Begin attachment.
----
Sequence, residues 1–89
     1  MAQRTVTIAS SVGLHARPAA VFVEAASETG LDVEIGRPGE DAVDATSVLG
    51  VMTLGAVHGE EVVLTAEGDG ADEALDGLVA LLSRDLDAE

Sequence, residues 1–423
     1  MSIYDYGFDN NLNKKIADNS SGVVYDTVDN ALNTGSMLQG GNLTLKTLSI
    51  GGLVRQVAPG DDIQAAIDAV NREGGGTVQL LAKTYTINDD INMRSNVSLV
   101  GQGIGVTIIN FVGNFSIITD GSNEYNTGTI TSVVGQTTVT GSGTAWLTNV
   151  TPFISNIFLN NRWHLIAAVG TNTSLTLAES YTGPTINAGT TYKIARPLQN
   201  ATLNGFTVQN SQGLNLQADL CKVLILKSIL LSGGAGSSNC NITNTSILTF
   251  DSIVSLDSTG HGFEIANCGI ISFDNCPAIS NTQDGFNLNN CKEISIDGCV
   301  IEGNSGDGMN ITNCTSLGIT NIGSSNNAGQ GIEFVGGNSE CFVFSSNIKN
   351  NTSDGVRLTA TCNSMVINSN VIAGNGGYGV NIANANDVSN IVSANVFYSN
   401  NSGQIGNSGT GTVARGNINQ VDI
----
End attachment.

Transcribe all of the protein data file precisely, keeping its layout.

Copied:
Sequence, residues 1–89
     1  MAQRTVTIAS SVGLHARPAA VFVEAASETG LDVEIGRPGE DAVDATSVLG
    51  VMTLGAVHGE EVVLTAEGDG ADEALDGLVA LLSRDLDAE

Sequence, residues 1–423
     1  MSIYDYGFDN NLNKKIADNS SGVVYDTVDN ALNTGSMLQG GNLTLKTLSI
    51  GGLVRQVAPG DDIQAAIDAV NREGGGTVQL LAKTYTINDD INMRSNVSLV
   101  GQGIGVTIIN FVGNFSIITD GSNEYNTGTI TSVVGQTTVT GSGTAWLTNV
   151  TPFISNIFLN NRWHLIAAVG TNTSLTLAES YTGPTINAGT TYKIARPLQN
   201  ATLNGFTVQN SQGLNLQADL CKVLILKSIL LSGGAGSSNC NITNTSILTF
   251  DSIVSLDSTG HGFEIANCGI ISFDNCPAIS NTQDGFNLNN CKEISIDGCV
   301  IEGNSGDGMN ITNCTSLGIT NIGSSNNAGQ GIEFVGGNSE CFVFSSNIKN
   351  NTSDGVRLTA TCNSMVINSN VIAGNGGYGV NIANANDVSN IVSANVFYSN
   401  NSGQIGNSGT GTVARGNINQ VDI